• 2. Referring to FIG. 10, the mail box is cut with metal shearing equipment from a sheet of thin aluminum. A die and punch are used to cut out the rectangular holes (F) for the optics. Two holes (G) are threaded to attach the circuit board to the box using an aluminum offset and screw. The left side (A), bottom (B), right side (C), top (D) and riveting flange (E) are creased along four lines (H) to form the box. The box and attached circuit board slide into the mail box frame as a single unit.
  • 3. Referring to FIG. 11, the circuit boards (A) are attached physically to their respective mail box using a spacer and screw (B). The aluminum spacer acts as a ground line to the electrically grounded mail box frame. An RJ-11 board connector on each circuit board routes the one-wire bus and +5V power supply line (D) sequentially through all the boards and to the microcontroller (E).
  • 4. Referring to FIG. 12, a liquid crystal display/numeric keypad (LCD) and printer are connected to the TINI microcontroller to obtain package delivery information. The mail box attendant enters the box number, the shipping company such as UPS, FEDEX, USPS or DHL, the type of package such as envelope or package, date of arrival, charges due, and the tracking number. After completing the information, a delivery notice is printed out on the printer for insertion into the mail box. After adding the TINI identification and mail box number to the record, the microcontroller transmits the information over the Internet to the mail box server. This information is then stored in the aforementioned package delivery file.
  • 5. As an additional service, the Mail Box server contains a voice response communications card which allows the server to call the user over a telephone modem and provide mail and package delivery information by electronic voice mail.

Claims (2)

1. An Internet-embedded mail box system comprising:
a. a rectangular mail box frame;
b. item (a) containing a plurality of individual slide-in rectangular mail boxes made of folded thin aluminum sheet fitted with a swinging key-locked door on one side and open on the other for inserting pieces of correspondence into the boxes;
c. each mail box of item (b) containing two rectangular slots on opposite sides in the center bottom edges or other convenient location in order to provide an optical path from one slot to the other;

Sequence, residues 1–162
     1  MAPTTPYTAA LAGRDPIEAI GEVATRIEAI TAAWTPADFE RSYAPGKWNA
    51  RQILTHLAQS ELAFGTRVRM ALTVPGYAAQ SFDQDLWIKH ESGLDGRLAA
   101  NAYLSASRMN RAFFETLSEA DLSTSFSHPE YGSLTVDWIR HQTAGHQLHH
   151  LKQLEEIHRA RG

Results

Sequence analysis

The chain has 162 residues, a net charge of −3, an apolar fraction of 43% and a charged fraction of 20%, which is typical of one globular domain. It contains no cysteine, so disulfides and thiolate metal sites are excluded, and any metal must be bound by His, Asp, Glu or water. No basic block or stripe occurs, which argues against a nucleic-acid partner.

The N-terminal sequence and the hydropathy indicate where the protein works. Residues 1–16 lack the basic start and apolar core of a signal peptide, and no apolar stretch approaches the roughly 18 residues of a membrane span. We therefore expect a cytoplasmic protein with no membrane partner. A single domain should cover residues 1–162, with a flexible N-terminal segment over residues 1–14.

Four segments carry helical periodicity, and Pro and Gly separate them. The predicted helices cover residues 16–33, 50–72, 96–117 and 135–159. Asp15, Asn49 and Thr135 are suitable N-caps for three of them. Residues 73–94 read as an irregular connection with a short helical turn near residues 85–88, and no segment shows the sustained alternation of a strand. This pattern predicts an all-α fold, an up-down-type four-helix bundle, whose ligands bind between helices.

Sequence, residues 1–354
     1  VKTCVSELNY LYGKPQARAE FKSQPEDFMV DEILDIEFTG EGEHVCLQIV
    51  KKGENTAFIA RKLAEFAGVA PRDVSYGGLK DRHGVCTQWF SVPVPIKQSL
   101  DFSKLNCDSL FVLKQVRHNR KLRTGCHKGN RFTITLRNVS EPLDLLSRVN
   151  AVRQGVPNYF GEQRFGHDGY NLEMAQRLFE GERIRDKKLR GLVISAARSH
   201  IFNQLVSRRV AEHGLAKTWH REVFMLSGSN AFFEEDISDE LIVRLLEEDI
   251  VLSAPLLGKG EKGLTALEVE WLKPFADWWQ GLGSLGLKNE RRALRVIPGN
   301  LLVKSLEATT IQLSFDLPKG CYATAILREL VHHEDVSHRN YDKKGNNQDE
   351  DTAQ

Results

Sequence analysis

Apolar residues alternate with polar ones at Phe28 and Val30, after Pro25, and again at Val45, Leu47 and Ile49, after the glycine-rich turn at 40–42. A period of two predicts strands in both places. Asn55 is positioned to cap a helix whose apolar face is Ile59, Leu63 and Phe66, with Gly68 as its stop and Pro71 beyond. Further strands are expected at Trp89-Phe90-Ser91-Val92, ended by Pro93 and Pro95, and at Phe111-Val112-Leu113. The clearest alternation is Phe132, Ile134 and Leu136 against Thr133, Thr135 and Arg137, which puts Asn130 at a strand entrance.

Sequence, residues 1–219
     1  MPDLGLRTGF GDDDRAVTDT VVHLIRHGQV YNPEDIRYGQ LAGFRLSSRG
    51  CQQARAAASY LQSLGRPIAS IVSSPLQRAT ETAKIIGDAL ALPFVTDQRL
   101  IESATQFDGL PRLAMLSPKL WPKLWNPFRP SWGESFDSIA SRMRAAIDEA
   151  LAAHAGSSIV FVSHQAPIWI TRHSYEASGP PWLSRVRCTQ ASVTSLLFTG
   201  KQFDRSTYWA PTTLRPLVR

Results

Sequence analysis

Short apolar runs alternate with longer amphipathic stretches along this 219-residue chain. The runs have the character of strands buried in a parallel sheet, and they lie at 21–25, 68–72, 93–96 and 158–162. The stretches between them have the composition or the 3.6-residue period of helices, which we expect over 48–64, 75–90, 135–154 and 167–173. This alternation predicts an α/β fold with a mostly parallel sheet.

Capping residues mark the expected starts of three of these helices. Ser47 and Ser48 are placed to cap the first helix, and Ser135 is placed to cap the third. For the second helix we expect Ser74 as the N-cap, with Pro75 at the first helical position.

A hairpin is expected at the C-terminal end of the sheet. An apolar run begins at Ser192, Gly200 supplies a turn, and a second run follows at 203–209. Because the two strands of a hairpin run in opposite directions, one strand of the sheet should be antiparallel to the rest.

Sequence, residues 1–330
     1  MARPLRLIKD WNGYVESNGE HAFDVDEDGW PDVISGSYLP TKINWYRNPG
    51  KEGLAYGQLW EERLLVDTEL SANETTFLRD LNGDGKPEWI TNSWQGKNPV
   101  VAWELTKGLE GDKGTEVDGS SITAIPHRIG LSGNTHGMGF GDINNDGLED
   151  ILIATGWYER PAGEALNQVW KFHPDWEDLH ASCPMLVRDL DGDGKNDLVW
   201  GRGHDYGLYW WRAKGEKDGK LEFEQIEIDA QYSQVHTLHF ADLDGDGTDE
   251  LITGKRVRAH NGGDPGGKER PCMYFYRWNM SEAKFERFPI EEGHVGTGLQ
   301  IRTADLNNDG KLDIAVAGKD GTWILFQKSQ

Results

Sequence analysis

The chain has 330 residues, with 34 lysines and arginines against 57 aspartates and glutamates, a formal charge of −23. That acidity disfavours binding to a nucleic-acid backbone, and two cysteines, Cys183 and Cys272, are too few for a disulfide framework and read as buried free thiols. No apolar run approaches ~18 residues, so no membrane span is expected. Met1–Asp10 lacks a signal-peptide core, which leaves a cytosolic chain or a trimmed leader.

d. an electronic circuit board attached by aluminum spacers and screws to the bottom of each mail box of item (b);
e. an electronic circuit residing on item (d) comprising a light emitting diode (LED) on one side and a photocell on the other which provides a means of emitting and detecting a light beam across the mail box using the slots of item (c);
f. item (e) comprising a means of detecting a piece of correspondence in the mail box by interruption of the light beam;
g. item (e) comprising a +5 volt voltage divider consisting of a resistor and resistive photocell;
h. item (g) whose dividing voltage between the two components is measured by the first port on a two port switch, preferably a Maxim DS2406 chip, having a unique access identification number burned into its memory during manufacture, which transmits the logic level of one or zero, corresponding to the measured voltage level, along a 1-wire bus to a microcontroller connected by modem to the Internet;
i. item (h) logic level 1 corresponding to having mail, and logic level 0 to having no mail;
j. item (e) comprising a resistor from the power supply to the light emitting diode (LED) which in turn is connected to the second port of the dual port switch item (h) for the purpose of activating and deactivating the LED by means of the switch's unique identification number transmitted through the 1-wire bus by the microcontroller item (h);
k. item (h) microcontroller which transmits, using TCP/IP protocol and an Internet Service Provider (ISP), a record consisting of the microcontroller number (store number), mail box number and date to the mail box server which stores the information on hard disk in a transaction file;
l. item (h) microcontroller connected to liquid crystal display, numeric keypad and printer for the purpose of collecting and printing package delivery information which is transmitted by the microcontroller to the mail box server item (2) below;
m. a Java binary-tree search program used during manufacture to relate the mail box number with the unique identification number of the dual port switch of each mail box for storage in the microcontroller's non-volatile memory;
2. a Mail Box server comprising:
a. a multi-processor RAID computer system connected to the Internet by modem;
b. a database system running on item (a) consisting of the following files:
1. client master file,
2. mail delivery transaction file,
3; package delivery transaction file,
4. billing file;
c. a Java listener software program which listens for and processes transactions transmitted over the Internet by the microcontrollers;
d. a Java software program which processes client mail delivery inquiries through the Internet, using a client identification number and password, and displays the information on the client's screen in order for the client to know if any mail is ready for pickup.